Senior Member
Looks like what someone actually needs is a custom frame set. 🤔
What do you think about Specialized MTBs? Here's a 2002 Rockhopper on ebay for $499 used. I think that's what they cost new:

 

Xstr8edgtnrdrmrX

Diamond Member
So I got tired of explaining bicycle measurements to sellers on ebay and made this colorful chart. Stack and reach are probably the main measurements for standup riders, although the effective top tube length would help determine frame size. But how do you explain to the average joe what a plumb line is and how to use it? I think it would very challenging for the average joe to hold the plumb steady while measuring the horizontal distance to the top-center of head tube simultaneously.

View attachment 112611

I think the average joe selling a bike on CL,eBay or whatever is not going to put the effort into doing this much math honestly...

But you could explain a plumb line as a string with a weight on the end that determines "true vertical", and that the angles in your diagram are based on this true vertical establishment...

hell, I have been biking for 40+ years, and still really only know the difference in angles by feel...like, i know when a bike feels right. Only recently have I really been able to translate the numbers to a feel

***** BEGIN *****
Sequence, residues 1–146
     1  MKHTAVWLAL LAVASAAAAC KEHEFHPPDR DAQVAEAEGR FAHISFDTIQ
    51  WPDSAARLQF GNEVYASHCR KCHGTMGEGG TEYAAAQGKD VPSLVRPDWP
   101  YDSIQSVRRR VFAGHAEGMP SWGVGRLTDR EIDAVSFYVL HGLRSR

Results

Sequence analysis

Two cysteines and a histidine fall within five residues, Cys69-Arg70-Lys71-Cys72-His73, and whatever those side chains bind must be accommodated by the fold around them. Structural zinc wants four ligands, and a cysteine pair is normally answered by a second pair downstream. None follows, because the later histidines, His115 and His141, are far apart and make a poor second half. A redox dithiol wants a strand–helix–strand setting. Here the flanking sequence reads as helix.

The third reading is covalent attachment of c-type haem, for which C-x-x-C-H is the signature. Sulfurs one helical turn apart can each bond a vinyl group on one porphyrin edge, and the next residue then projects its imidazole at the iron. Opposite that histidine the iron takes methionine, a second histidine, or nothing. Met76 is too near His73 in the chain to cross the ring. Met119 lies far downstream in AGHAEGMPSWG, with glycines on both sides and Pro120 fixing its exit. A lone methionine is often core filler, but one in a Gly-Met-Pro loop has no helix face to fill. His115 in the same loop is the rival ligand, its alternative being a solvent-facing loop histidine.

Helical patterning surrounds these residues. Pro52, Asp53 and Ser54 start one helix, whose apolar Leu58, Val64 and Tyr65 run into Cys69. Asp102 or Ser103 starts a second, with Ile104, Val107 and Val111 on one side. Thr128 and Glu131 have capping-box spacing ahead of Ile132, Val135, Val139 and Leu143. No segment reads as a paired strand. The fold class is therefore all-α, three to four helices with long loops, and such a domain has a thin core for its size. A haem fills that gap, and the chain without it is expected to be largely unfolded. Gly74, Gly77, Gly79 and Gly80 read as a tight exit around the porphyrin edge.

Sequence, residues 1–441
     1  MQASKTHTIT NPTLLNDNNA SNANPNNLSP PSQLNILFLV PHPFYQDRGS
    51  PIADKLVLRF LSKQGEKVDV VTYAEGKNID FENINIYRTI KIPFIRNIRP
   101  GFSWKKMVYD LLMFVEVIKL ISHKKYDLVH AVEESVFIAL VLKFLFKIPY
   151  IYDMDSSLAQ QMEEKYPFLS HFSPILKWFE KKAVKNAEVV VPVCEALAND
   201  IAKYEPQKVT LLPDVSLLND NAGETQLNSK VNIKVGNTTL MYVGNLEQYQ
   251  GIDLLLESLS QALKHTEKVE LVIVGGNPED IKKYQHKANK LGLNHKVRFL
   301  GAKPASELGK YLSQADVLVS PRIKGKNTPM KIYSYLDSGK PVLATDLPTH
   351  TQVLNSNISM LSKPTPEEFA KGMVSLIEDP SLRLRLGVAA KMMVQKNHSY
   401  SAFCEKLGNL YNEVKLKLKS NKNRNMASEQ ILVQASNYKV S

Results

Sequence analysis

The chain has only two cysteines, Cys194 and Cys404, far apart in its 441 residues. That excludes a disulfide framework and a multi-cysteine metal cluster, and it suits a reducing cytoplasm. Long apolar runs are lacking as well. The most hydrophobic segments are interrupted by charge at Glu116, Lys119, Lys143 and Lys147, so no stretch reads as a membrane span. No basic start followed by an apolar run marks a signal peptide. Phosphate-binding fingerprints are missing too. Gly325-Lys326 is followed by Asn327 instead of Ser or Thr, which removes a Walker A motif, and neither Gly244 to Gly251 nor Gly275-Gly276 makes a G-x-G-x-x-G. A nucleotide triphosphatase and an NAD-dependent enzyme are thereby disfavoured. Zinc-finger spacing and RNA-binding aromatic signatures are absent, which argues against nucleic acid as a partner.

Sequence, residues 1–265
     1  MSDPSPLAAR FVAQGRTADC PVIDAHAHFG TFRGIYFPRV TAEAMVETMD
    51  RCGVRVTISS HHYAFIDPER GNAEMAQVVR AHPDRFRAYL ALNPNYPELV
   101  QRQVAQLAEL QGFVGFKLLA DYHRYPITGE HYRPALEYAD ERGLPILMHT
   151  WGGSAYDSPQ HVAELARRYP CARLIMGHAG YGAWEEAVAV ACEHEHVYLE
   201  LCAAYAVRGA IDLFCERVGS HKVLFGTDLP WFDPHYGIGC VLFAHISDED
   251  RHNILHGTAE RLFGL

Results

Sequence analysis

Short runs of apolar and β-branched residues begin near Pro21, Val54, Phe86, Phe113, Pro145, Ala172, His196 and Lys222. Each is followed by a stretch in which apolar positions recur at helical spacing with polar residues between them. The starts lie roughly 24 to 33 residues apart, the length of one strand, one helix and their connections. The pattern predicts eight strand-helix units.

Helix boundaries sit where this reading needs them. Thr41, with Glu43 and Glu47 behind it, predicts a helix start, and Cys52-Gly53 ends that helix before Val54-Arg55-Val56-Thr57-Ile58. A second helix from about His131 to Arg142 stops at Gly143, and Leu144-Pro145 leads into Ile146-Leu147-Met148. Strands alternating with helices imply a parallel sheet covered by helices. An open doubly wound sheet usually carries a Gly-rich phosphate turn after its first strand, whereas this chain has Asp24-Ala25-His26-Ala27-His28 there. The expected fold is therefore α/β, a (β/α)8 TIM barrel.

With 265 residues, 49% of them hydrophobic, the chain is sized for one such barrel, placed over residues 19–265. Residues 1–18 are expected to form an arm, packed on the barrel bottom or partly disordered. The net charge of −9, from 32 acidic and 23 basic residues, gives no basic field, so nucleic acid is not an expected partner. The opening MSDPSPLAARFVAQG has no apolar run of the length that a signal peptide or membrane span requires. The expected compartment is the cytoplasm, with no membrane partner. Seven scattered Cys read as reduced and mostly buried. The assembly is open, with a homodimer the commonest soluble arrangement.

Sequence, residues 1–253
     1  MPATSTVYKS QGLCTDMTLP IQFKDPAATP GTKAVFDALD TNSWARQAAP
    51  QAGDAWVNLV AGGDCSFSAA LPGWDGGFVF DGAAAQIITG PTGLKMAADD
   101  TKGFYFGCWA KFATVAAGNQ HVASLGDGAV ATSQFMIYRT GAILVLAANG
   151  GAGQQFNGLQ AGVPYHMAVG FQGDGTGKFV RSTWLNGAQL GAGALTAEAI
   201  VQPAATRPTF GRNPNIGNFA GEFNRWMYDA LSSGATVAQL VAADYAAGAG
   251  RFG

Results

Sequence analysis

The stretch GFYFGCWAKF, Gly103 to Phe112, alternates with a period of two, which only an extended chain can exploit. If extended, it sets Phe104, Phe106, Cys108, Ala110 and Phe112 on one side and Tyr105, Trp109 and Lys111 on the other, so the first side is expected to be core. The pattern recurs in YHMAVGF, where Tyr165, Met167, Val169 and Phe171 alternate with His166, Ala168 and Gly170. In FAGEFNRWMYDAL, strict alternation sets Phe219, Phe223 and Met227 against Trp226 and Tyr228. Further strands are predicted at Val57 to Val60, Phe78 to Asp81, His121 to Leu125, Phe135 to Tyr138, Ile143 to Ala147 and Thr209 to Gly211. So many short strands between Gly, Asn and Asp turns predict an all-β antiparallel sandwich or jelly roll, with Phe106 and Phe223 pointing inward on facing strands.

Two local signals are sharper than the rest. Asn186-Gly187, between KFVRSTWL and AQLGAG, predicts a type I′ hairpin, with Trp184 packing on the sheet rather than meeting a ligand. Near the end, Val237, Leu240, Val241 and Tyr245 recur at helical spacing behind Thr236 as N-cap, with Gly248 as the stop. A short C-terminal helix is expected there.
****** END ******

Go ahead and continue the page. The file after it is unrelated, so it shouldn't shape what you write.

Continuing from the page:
rhumbagirl

Senior Member
hell, I have been biking for 40+ years, and still really only know the difference in angles by feel...like, i know when a bike feels right. Only recently have I really been able to translate the numbers to a feel
Maybe. Maybe I can ... well I *should* be able to measure the angles of the head tube, seat tube, top tube and bottom tube - and calculate the reach and effective top tube length.

Sally can't tell Oscar has a harry old ass:
Sine, Cosine, Tangent = Opposite / Hypotenuse, Adjacent / Hypotenuse, Opposite / Adjacent
 

Xstr8edgtnrdrmrX

Diamond Member
Maybe. Maybe I can ... well I *should* be able to measure the angles of the head tube, seat tube, top tube and bottom tube - and calculate the reach and effective top tube length.

Sally can't tell Oscar has a harry old ass: